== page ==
Volunteer computing is a form of distributed computing that seeks to make it as easy as possible for as many people as possible to donate computer time towards solving a parallel problem. By maximizing potential worker pool size and minimizing setup time, volunteer computing makes it possible to build very large networks of workstations very quickly, and creates many exciting new possibilities, including not only global true volunteer systems, such as distributed.net  (which was used to crack the RC5-56 challenge), but also local forced volunteer systems for use within institutions that have so far lacked the necessary expertise and time to pool their existing workstations to provide inexpensive supercomputing facilities for their computational needs .
In the past two years, there has been a particular surge of interest in Java-based volunteer computing systems, which would allow Internet users to join a parallel computation by simply visiting a web page and letting their standard web browser run a Java applet. Compared to existing network-of-workstations (NOW) software such as PVM  or MPI , such volunteer systems would be orders-of-magnitude easier to setup. Instead of having to spend weeks setting up accounts and installing software on potentially thousands of machines, one can setup an institution-wide NOW literally overnight by simply asking employees to point their browsers to a particular intranet site and to leave their browsers running before they go home or while they work. Moreover, Java's platform-independence allows programmers to worry less about generating code for many different architectures, and concentrate more on the applications themselves.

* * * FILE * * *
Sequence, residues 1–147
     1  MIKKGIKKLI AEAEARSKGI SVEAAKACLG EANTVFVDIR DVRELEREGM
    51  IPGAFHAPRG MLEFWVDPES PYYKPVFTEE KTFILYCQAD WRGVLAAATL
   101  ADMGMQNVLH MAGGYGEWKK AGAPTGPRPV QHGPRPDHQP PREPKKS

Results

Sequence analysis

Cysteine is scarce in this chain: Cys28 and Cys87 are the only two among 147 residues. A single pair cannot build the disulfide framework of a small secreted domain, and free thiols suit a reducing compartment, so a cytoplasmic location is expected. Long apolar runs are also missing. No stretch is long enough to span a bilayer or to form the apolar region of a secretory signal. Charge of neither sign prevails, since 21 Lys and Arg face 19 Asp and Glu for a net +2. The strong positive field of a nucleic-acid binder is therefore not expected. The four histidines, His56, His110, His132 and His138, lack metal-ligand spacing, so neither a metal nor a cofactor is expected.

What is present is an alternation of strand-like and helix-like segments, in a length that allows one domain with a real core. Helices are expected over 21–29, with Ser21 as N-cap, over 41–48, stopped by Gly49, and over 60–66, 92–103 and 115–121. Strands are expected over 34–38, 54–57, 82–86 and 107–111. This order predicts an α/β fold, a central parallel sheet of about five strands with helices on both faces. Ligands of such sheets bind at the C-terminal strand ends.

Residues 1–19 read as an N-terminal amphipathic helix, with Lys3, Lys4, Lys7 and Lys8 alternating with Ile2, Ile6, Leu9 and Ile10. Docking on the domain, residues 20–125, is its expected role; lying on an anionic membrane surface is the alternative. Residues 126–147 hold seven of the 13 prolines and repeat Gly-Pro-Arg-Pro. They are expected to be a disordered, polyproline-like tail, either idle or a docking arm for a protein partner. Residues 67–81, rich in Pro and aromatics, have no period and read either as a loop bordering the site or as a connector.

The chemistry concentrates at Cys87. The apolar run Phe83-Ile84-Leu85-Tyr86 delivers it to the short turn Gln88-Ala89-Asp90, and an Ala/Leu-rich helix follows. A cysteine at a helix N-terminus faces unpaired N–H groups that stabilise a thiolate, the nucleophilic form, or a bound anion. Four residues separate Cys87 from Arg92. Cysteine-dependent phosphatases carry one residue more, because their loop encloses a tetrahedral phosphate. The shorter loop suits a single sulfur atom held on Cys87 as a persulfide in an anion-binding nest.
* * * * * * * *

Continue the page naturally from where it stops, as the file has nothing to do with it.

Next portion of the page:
While using such Java-based systems should be very easy, however, developing the infrastructure for them is not as straightforward. A major research problem today is that of choosing an appropriate programming model. By enabling anyone to volunteer any kind of computer at any time, Java-based - and particularly browser-based - volunteer systems create a heterogeneous and dynamic environment for which currently popular parallel programming models such as shared memory and MPI-style message-passing are not well-suited. In basic MPI, for example, programs are written assuming that the number of physical processors is known and fixed; there is little or no support for situations where nodes leave or join the system at unexpected times. In general, a good programming model for volunteer computing systems has to be adaptively parallel and fault-tolerant. It cannot depend on static information on the number of nodes in the system and their individual processing speeds. At the same time, it must be able to tolerate data loss or corruption due not only to random hardware and software faults, but also to malicious saboteurs pretending to be volunteers but submitting erroneous results.
In this paper, we present a programming model based on the Bulk Synchronous Parallel (BSP) model [23,20], and show how it can be used in Java-based volunteer computing systems. We begin by presenting the BSP programming model, and then show how we have implemented it using the Bayanihan volunteer computing framework [17,18,19], taking advantage of Bayanihan's existing adaptive parallelism and fault-tolerance mechanisms. We also describe the new programming interface and show how it can be used to write realistic parallel applications. We conclude by presenting some current results, and discussing related, ongoing, and future work.